DONNER SUMMIT! “The most marvelous square mile in American history!” I have heard this so many times lately, and it is true. The attention has always been The Donner Party, but there was also the Emigrant Trail; Fremont, Carson, and Bridger; native Americans and petroglyphs; the building of the Transcontinental railroad; and interstate 80, the nation’s first “all weather” highway. The list is practically endless.

But before all these wonderful accomplishments there was GRANITE. Before all these events, rivers flowed unabated from the Plains to the Pacific Ocean. Millions of years ago there was no Sierra Nevada mountain range, no impediment of rivers flowing west. What is so fantastic about our Summit is that it is only 3 million years old and still changing. In John McPhee’s book, The Assembling of California (Farrar, Straus, & Giroux) we can find out how Donner Summit and the Sierra Nevada were formed.

As a former Pulitzer Prize winner, author of twenty-seven books, and a long-time contributor to The New Yorker magazine, McPhee’s easily-understood-by-laymen’s-terms style allows us to understand a sometimes difficult subject. Plate tectonics, batholiths, and caprock andesite are not terms we use in our daily conversations, at least not for me.
“Often likened to a raised trapdoor, the Sierra has a long and planar western slope and…a plunging escarpment facing east.” “Hinged somewhere beneath the Great Valley (San Joaquin/Sacramento Valley - ed.), and sharply faulted on its eastern face, the range began to rise only a very short geologic time ago - perhaps three million years…and it is still rising, still active….”

We learn that in the geologic periods before the uplift, Pliocene era volcanic andesite flows “spread themselves over the terrain like butterscotch syrup over ice cream.” As the successive volcanic flows filled in the landscape to form a somewhat flat surface the trapdoor began to rise tilting up the hardened andesite which we can see in the road cuts along highways 40 and 80.

Although most of what we see of the terrain from Nevada to the Summit is volcanic cap, McPhee calls this a “veneer” to what lies below, the monster Sierra batholith of solid granite.

Science calls a batholith a surface of at least forty square miles and no known bottom. At the Summit we sit near or on top of the Smartville batholith which has a surface of about twenty-five thousand square miles. McPhee says that it “lies inside the Sierra like a big zeppelin.” And some geophysists “say that it is six miles down.” At almost any place along Interstate 80 from you can reach out and touch the batholith especially around Big Bend.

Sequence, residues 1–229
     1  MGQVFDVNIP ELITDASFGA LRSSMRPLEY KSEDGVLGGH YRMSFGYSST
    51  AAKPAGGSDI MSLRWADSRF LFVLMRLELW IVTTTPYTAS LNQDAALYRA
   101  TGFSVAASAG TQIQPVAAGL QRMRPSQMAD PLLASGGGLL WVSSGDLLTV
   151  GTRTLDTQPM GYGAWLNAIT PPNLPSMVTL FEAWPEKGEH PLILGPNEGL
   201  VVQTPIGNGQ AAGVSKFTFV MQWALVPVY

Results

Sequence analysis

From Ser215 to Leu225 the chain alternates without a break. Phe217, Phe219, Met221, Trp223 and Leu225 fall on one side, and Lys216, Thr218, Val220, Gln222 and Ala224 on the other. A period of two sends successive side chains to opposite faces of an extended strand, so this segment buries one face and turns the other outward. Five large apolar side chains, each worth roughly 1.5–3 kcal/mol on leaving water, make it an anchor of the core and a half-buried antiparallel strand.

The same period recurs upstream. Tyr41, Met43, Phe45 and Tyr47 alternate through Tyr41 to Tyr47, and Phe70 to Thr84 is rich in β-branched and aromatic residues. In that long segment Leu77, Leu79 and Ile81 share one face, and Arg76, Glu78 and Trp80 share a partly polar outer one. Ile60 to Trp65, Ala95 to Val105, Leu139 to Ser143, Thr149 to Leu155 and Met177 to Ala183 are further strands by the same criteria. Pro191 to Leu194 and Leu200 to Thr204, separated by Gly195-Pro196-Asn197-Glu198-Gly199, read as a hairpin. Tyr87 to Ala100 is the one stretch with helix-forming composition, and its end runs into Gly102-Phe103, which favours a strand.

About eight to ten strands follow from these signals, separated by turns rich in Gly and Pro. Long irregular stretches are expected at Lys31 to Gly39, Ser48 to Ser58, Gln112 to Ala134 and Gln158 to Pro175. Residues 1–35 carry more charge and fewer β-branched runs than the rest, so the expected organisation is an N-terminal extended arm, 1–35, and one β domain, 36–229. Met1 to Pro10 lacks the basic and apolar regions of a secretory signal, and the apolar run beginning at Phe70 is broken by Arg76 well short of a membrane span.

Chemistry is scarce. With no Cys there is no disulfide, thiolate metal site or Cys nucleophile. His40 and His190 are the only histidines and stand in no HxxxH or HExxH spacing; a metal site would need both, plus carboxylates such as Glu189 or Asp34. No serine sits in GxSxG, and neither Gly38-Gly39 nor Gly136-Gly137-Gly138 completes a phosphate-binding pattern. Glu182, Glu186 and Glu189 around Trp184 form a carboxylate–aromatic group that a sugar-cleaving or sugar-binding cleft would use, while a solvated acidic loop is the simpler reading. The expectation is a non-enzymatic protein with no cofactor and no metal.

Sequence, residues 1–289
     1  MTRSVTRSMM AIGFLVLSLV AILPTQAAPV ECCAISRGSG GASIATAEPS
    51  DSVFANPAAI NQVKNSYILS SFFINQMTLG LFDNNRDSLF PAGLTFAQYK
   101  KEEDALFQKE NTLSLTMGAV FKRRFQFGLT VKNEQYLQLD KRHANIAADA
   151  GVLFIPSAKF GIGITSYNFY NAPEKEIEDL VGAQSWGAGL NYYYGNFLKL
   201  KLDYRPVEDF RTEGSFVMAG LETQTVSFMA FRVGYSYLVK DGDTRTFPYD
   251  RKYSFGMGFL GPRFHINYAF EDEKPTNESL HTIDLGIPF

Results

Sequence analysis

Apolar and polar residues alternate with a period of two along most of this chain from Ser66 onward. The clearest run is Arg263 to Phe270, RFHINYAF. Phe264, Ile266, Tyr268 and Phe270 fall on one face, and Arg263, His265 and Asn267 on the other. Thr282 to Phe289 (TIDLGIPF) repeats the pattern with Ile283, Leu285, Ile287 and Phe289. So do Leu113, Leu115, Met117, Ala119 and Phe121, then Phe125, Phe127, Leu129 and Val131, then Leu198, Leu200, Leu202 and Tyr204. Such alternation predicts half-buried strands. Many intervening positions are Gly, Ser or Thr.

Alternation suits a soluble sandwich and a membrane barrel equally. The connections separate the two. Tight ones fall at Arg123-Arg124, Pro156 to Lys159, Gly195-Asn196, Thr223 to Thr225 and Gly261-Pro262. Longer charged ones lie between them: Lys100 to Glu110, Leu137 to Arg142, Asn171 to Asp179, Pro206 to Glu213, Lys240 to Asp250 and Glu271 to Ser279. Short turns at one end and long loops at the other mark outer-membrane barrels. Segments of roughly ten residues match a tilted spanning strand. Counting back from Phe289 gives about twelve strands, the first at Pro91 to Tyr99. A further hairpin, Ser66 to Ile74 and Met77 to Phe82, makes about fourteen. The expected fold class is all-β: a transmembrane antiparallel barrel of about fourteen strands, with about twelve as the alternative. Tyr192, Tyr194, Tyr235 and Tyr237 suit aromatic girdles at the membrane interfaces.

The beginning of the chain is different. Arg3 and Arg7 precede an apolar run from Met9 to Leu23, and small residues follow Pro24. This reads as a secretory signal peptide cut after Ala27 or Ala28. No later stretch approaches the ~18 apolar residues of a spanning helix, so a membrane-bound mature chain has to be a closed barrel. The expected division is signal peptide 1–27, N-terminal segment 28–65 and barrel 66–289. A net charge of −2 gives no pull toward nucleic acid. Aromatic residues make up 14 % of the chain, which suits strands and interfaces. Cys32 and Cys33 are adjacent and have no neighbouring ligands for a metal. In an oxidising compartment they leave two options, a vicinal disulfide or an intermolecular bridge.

To skip ahead a few million years the Pacific Plate started pushing into the North American Plate as in Plate Tectonics. If you hold your hands in front of you with your palms down and thumbs folded under gently push your left hand up over your right at an increasing angle with the right going farther under the left. This is how McPhee explains the concept, and how the Sierra range and Donner Summit were formed, and pushed up so much granite, over millions of years.

McPhee did much of his work on this book with the aid of UC Davis Geology Professor Eldridge Moores. With Eldridge driving an old pick-up truck McPhee sat in the passenger’s seat taking notes. At unexpected times Eldridge would stop the truck along a I-80 road cut and take samples - “as cars shot past us like F-18s….” What McPhee learned from his association with Eldridge puts the mysteries of the formation of Donner Summit in a better light for the layman.

Assembling of California covers all of California, spending time on earthquakes and volcanoes; the formation of the coastal ranges and great valleys. For instance, “fifty million years ago the town of Davis would have been in mud at the bottom of the Farallon Ocean, some thirty miles offshore, on the continental shelf.” I feel that to fully understand the dynamics of Donner Summit and the Sierra having a “rock solid” foundation is a must.

To totally enjoy the book I would suggest reading McPhee’s Annals of the Former World, a geological road trip along Interstate 80 from New Jersey to San Francisco of which Assembling of California makes up the fourth chapter.

Other books by John McPhee include Uncommon Carriers , The Survival of the Bark Canoe, and Looking for a Ship.

Reviewed by David (Rocky) Africa